Maureen Fanning, who lost her firefighter husband in the World Trade Center and gave up the autistic son she could no longer care for, recalls her family's tragedy at the German trial of a suspected al Qaeda member.
Maureen Fanning laments the loss of her husband, a New York firefighter
HAMBURG -- Maureen Fanning looked at the man suspected of helping murder her husband and felt nothing.
The widow of a New York City firefighter killed in the World Trade Center, Fanning had long ago given up trying to understand the men behind the Sept. 11 attacks that claimed her husband Jack's life at the age of 54.
But she didn't want to miss the opportunity to let the 28-year-old Moroccan -- who German federal prosecutors believe provided logistical expertise to presumed Sept. 11 mastermind Mohammed Atta -- know what sort of damage he and “his friends” had done. And she traveled 3,000 miles to Hamburg to do it -- at her own expense.
“The world has to be protected from the suicidal, murderous inclinations of the defendant and his friends,” she told the judges at Hamburg’s higher regional court on Thursday, pausing as a translator delivered the message in German. “My heart was broken on 9/11, but not my spirit. Until I take my last breath, I will not let this incredible loss of human life go in vain.”
Mounir Motassadeq looked on impassively.
This courtroom drawing taken during the trial against Mounir El Motassadeq in Hamburg, northern Germany, on Tuesday, Oct. 22, 2002, shows in foreground the defendant Mounir El Motassadeq and in rear from left the defendant's lawyers Hartmut Jacobi and Hans Leitstritz, the judges Lutz von Selle and Albrecht Mentz. Mounir El Motassadeq is accused of aiding the Hamburg terrorist cell involved in the Sept. 11 attacks on the United States. (AP Photo/Zeichnung: Juliane Garstka)
It was the same reaction he had for each of the five Americans who testified Thursday as representatives of 21 American co-plaintiffs in the trial. The court's seven judges, led by Albrecht Mentz, must determine in these final days of the trial whether Motassadeq (illustration), an electrical engineering student, should spend up to 15 years in prison for his alleged role as an accessory to the murder of more than 3,000 people who died in the attacks on the Pentagon, the World Trade Center and on the United Airlines Flight 93 jet that crashed in a Pennsylvania field.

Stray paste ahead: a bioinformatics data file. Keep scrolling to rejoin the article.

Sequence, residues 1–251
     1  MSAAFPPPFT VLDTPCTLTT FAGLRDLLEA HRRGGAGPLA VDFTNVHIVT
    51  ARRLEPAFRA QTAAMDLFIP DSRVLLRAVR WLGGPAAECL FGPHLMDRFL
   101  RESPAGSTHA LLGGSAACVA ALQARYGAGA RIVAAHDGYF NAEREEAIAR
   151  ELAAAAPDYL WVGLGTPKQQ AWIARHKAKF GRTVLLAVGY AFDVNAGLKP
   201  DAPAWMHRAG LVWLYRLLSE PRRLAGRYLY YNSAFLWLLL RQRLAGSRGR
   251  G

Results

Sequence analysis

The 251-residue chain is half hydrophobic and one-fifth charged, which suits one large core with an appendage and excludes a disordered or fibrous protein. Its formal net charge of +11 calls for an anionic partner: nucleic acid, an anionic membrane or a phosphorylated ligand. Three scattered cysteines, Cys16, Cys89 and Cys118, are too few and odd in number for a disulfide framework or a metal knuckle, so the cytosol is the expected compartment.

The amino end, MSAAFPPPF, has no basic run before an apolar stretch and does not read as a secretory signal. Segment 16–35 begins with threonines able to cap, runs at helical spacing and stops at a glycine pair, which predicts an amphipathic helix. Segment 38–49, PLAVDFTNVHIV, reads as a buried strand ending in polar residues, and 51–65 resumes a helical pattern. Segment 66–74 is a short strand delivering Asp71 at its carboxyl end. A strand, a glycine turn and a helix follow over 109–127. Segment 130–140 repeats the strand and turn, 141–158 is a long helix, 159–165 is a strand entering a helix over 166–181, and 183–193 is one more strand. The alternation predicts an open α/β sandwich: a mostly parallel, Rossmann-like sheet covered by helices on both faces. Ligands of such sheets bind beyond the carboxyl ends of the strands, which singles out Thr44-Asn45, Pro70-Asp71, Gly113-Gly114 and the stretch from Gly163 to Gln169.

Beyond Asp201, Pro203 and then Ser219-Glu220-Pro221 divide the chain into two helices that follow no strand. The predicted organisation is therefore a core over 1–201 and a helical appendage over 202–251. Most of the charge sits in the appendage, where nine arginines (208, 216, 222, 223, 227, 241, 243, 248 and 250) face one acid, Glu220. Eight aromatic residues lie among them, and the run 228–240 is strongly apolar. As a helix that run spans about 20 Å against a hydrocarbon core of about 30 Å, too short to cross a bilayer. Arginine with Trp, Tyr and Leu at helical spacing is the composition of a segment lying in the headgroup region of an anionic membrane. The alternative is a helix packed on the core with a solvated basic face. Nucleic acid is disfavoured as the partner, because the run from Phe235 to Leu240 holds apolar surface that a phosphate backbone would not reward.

German law allows for survivors of crimes and relatives of murder victims to join the prosecution as co-plaintiffs in criminal cases. Fanning, Stephen Push, who leads the survivors advocacy group Families of September 11, and 19 other people who lost relatives in the attacks recently signed on to the case.
“To give the trial that personal testimony is essential,” said Andreas Schulz, who is co-representing the majority of the co-plaintiffs in the trial. “This trial was very abstract. You see that nice young Arab student and you can’t connect him to any mujahedeen warriors. You can’t connect him to the 9/11 tragedy.”
Defense attorneys for Motassadeq, in jail since his arrest shortly after the attacks, maintain their client was merely friends with the Hamburg-based al Qaeda sleeper cell and had no knowledge of their plans. But prosecutors are convinced he played a more integral role, taking care of the cell’s financial matters, handling bank accounts and paying some of their bills.
Fanning thinks the same. She didn’t hesitate when Push asked her three weeks ago whether she wanted to come and testify. Thursday marked the first time she laid eyes on Motassadeq, and she was convinced of his guilt.
“He is not a mindless, illiterate, blind or innocent follower,” she said.
At the same time, she doesn’t want to dwell on why he might have done what he’s accused of doing.
“I can’t understanding anyone, or any group that could commit this sort of evil,” she told DW-WORLD in an interview following her testimony. “It doesn’t compute for me.”
What does make sense to her is what she lost. Fanning said her husband was “her hero.” He was as real and genuine as the blue fire department uniform, covered in medals, she brought with her to Hamburg to show the media. She held it up as the cameras flashed and TV crews recorded.
A family divided
Her husband was her partner, she said. The couple, who met skiing in upstate New York more than 15 years ago, worked opposite shifts to care for their two autistic boys.
With Jack gone, Maureen had to put her eldest, 14-year-old Sean, in a group home where he could receive around-the-clock care. She gave up her job as a registered nurse in a New York hospital and has two full-time tutors helping her care for 6-year-old Patrick, who can’t read, write or speak.
The family lives in the home her husband bought in Nassau County and survives on Jack Fanning’s pension and Social Security. Like the other five who testified, Maureen covered the more than $1,000 it cost to fly to and stay in Hamburg for two days out of her own pocket. But now she wants to get back to the kids, who have kept her grounded and focused.
“If the kids are okay, I’m okay,” she said.
She said she spent the three weeks leading up to her court appearance in Hamburg coordinating care, not dwelling on her testimony.
Nicole Deangelis, the daughter of a NYC firefighter who is in the same support group Maureen attends, drove her to the airport before her flight to Germany. “Thanks for representing my Dad,” Deangelis told Fanning as she was about to board the plane. On Thursday in court, she wore a pin that Deangelis had made to honor her dad.
After all, Fanning said, “It’s not just about Jack Fanning, it’s about every single innocent victim, about every family that’s been destroyed. It’s about the world at large.”